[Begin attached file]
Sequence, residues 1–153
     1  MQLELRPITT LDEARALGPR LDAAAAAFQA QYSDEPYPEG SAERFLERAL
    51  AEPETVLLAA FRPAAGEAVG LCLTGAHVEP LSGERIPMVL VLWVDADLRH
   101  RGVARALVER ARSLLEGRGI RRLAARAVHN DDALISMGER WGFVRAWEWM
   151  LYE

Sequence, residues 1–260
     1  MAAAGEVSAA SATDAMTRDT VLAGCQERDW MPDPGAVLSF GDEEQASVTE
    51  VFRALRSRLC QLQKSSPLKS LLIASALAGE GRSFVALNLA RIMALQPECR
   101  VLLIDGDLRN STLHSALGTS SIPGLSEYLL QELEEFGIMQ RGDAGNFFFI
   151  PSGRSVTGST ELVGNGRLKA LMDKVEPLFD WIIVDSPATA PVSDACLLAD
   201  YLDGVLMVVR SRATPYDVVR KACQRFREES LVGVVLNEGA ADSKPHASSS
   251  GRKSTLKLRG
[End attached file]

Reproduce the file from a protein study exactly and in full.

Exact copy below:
Sequence, residues 1–153
     1  MQLELRPITT LDEARALGPR LDAAAAAFQA QYSDEPYPEG SAERFLERAL
    51  AEPETVLLAA FRPAAGEAVG LCLTGAHVEP LSGERIPMVL VLWVDADLRH
   101  RGVARALVER ARSLLEGRGI RRLAARAVHN DDALISMGER WGFVRAWEWM
   151  LYE

Sequence, residues 1–260
     1  MAAAGEVSAA SATDAMTRDT VLAGCQERDW MPDPGAVLSF GDEEQASVTE
    51  VFRALRSRLC QLQKSSPLKS LLIASALAGE GRSFVALNLA RIMALQPECR
   101  VLLIDGDLRN STLHSALGTS SIPGLSEYLL QELEEFGIMQ RGDAGNFFFI
   151  PSGRSVTGST ELVGNGRLKA LMDKVEPLFD WIIVDSPATA PVSDACLLAD
   201  YLDGVLMVVR SRATPYDVVR KACQRFREES LVGVVLNEGA ADSKPHASSS
   251  GRKSTLKLRG